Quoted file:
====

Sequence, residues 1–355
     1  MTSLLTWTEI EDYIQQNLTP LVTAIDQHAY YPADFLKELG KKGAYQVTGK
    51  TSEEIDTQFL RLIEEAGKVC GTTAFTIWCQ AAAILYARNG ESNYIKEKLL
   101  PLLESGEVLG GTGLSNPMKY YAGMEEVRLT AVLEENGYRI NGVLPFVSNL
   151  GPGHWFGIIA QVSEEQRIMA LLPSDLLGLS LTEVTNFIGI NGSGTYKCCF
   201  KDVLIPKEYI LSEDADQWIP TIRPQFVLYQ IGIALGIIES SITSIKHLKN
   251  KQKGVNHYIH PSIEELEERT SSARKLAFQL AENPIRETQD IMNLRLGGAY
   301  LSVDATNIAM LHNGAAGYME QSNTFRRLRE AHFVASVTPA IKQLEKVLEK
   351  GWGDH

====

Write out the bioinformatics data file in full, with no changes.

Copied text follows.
Sequence, residues 1–355
     1  MTSLLTWTEI EDYIQQNLTP LVTAIDQHAY YPADFLKELG KKGAYQVTGK
    51  TSEEIDTQFL RLIEEAGKVC GTTAFTIWCQ AAAILYARNG ESNYIKEKLL
   101  PLLESGEVLG GTGLSNPMKY YAGMEEVRLT AVLEENGYRI NGVLPFVSNL
   151  GPGHWFGIIA QVSEEQRIMA LLPSDLLGLS LTEVTNFIGI NGSGTYKCCF
   201  KDVLIPKEYI LSEDADQWIP TIRPQFVLYQ IGIALGIIES SITSIKHLKN
   251  KQKGVNHYIH PSIEELEERT SSARKLAFQL AENPIRETQD IMNLRLGGAY
   301  LSVDATNIAM LHNGAAGYME QSNTFRRLRE AHFVASVTPA IKQLEKVLEK
   351  GWGDH